Sunday, July 28, 2019

Sekulow, et al. on Story's Unitarian Political Theology

Jay Alan Sekulow is currently one of the most important attorneys in nation (he's one of POTUS's key personal attorneys). In 2005, along with Jeremy Tedesco he wrote a law review article which essentially argues Joseph Story's Unitarian political theology drove the decision of Vidal v. Girard's Executors. A taste:
Joseph Story himself defined and defended his Unitarian beliefs in an 1824 letter to Attorney William Williams. In this letter, Story discussed the Unitarian beliefs that he developed:
The Unitarians are universally steadfast, sincere, and earnest Christians. They all believe in the divine mission of Christ, the credibility and authenticity of the Bible, the miracles wrought by our Saviour and his apostles, and the efficacy of his precepts to lead men to salvation. They consider the Scriptures the true rule of faith, and the sure foundation of immortality.
In his letter to Williams, Justice Story also clearly and unequivocally pointed to the primary theological difference between Unitarians and other Christian denominations: "In truth, they principally differ from other Christians in disbelieving the Trinity, for they think Christ was not God, but in Scripture language 'the Son of God.""
And:
William Story later described his father's conversion at Harvard as being inspired, in part, by the beauty of the Cambridge countryside as opposed to the "sterile rocks and moaning sea of Marblehead."' Walking through the "flower-strewn fields, his heart assumed its natural hue of cheerfulness, and he no longer believed in the total depravity of man." Seeing the goodness of God displayed in creation, Story became convinced of divine beneficence. "And from being a Calvinist, he became a Unitarian."

Story's new religion seemingly recognized that no teaching could be heretical. He rejected any notion of bigotry or even proselytism. Instead, he
gladly allowed every one freedom of belief, and claimed only that it should be a genuine conviction and not a mere theologic opinion, considering the true faith of every man to be the necessary exponent of his nature, and honoring a religious life more than a formal creed. He admitted within the pale of salvation Mahommedan and Christian, Catholic and Infidel. He believed that whatever is sincere and honest is recognized of God; - that as the views of any sect are but human opinion, susceptible of error on every side, it behooves all men to be on their guard against arrogance of belief; and that in the sight of God it is not the truth or falsity of our views, but the spirit in which we believe, which alone is of vital consequence.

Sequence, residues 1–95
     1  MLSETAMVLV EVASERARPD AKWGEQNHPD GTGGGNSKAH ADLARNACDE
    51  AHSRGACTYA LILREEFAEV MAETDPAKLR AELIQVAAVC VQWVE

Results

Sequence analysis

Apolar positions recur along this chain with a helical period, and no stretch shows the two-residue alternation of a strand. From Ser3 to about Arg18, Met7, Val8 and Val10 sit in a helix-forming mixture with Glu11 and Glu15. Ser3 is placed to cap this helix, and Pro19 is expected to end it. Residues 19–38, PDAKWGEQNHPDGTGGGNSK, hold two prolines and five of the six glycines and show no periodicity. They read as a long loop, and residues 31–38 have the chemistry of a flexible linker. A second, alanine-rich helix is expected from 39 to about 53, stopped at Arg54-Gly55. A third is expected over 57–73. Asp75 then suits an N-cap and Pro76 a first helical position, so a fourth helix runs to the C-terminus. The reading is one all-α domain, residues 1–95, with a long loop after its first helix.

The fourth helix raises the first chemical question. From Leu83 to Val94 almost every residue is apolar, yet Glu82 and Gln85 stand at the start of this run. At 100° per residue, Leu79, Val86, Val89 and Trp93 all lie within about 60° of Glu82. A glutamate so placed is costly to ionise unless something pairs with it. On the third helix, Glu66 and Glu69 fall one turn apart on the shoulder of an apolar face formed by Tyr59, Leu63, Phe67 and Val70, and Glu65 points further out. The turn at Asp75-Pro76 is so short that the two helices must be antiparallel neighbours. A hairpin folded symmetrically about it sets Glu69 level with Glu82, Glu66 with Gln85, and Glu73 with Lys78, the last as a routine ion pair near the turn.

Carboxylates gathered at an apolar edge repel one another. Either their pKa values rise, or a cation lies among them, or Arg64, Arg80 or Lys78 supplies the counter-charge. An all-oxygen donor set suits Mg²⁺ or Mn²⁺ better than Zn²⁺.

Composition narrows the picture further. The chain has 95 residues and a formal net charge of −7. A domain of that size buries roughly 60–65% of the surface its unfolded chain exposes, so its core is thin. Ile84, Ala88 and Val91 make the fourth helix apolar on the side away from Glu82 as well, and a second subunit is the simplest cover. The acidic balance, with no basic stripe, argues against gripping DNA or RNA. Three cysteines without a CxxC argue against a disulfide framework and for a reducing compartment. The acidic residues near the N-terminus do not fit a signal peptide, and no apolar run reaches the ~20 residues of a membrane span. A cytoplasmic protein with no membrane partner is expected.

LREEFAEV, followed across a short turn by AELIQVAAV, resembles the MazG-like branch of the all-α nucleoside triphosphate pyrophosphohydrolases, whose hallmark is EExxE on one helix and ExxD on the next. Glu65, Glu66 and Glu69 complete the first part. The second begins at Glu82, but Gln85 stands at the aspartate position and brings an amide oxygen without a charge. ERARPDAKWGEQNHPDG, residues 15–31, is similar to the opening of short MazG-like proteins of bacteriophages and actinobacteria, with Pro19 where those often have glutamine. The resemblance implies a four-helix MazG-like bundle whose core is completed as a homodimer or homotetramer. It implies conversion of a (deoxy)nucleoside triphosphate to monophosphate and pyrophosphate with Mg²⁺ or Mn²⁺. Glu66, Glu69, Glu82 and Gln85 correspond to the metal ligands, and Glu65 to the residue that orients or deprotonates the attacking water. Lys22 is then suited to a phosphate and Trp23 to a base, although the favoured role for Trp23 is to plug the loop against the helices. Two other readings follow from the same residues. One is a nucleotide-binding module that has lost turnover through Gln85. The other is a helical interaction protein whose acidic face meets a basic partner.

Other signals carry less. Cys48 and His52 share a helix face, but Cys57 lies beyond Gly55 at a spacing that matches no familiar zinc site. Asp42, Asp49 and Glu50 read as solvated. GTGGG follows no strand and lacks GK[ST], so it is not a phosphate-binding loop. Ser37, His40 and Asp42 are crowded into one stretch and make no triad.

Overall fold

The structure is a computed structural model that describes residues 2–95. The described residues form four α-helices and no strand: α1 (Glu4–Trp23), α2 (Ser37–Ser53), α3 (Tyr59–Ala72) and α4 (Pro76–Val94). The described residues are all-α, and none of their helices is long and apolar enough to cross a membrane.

Keep the above in mind when we hear, as was referenced in the article, that Story believed Christianity was part of the common law. The above is what Christianity meant to Story. Sekulow et al. then demonstrates how Story's personal theology drove his legal opinions.

3 comments:

Our Founding Truth said...

I doubt what william story said was true.

Tom Van Dyke said...

The Unitarians are universally steadfast, sincere, and earnest Christians. They all believe in the divine mission of Christ, the credibility and authenticity of the Bible

Keep this in mind when you make your sometimes mushy arguments for unitarianism. I have always argued, contra Gregg Frazer's rather lengthy list, that belief in Divine Revelation is the sine qua non of Christianity, or else it is merely a philosophy, like Jefferson's.

This is also the meta-metaphysical question [as it were]--did God explicitly reveal himself to mankind, be it via a burning bush or the Holy Scriptures--breaking the barrier between this world and the next?


All answers about religion's role must flow from this key question. If the Bible is truly the literal Word of God, it cannot be pushed aside. Story would surely agree with that proposition. God is real, and so is his Word.


[As for unitarians of the Unitarian Universal Church today, the Bible is optional, and not considered any more authoritative than any other philosophy. It is important for the reader to know that the unitarian Christianity of Joseph Story and the rest of that generation has little to nothing in common with today's UU Church, which cannot be called Christian by even the most generous of sociologists or historians.]

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